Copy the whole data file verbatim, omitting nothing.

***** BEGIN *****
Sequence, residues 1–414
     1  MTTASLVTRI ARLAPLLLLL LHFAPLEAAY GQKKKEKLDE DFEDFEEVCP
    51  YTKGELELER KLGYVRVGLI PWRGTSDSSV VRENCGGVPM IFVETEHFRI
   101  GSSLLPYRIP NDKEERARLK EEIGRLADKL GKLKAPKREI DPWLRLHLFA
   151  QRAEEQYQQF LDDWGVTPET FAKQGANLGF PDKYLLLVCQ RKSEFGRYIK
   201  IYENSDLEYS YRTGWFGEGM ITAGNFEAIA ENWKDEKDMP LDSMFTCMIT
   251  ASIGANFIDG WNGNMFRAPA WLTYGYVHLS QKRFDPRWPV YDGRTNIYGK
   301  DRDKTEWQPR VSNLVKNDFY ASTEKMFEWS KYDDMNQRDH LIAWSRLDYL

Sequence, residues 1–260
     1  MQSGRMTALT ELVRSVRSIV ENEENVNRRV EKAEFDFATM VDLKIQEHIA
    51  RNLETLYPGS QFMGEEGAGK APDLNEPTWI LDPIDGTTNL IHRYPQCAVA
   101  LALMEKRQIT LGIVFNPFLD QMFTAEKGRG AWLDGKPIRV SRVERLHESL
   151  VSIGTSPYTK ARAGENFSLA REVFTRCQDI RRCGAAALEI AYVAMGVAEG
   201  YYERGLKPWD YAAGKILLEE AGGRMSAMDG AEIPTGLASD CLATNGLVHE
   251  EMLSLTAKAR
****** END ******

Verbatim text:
Sequence, residues 1–414
     1  MTTASLVTRI ARLAPLLLLL LHFAPLEAAY GQKKKEKLDE DFEDFEEVCP
    51  YTKGELELER KLGYVRVGLI PWRGTSDSSV VRENCGGVPM IFVETEHFRI
   101  GSSLLPYRIP NDKEERARLK EEIGRLADKL GKLKAPKREI DPWLRLHLFA
   151  QRAEEQYQQF LDDWGVTPET FAKQGANLGF PDKYLLLVCQ RKSEFGRYIK
   201  IYENSDLEYS YRTGWFGEGM ITAGNFEAIA ENWKDEKDMP LDSMFTCMIT
   251  ASIGANFIDG WNGNMFRAPA WLTYGYVHLS QKRFDPRWPV YDGRTNIYGK
   301  DRDKTEWQPR VSNLVKNDFY ASTEKMFEWS KYDDMNQRDH LIAWSRLDYL

Sequence, residues 1–260
     1  MQSGRMTALT ELVRSVRSIV ENEENVNRRV EKAEFDFATM VDLKIQEHIA
    51  RNLETLYPGS QFMGEEGAGK APDLNEPTWI LDPIDGTTNL IHRYPQCAVA
   101  LALMEKRQIT LGIVFNPFLD QMFTAEKGRG AWLDGKPIRV SRVERLHESL
   151  VSIGTSPYTK ARAGENFSLA REVFTRCQDI RRCGAAALEI AYVAMGVAEG
   201  YYERGLKPWD YAAGKILLEE AGGRMSAMDG AEIPTGLASD CLATNGLVHE
   251  EMLSLTAKAR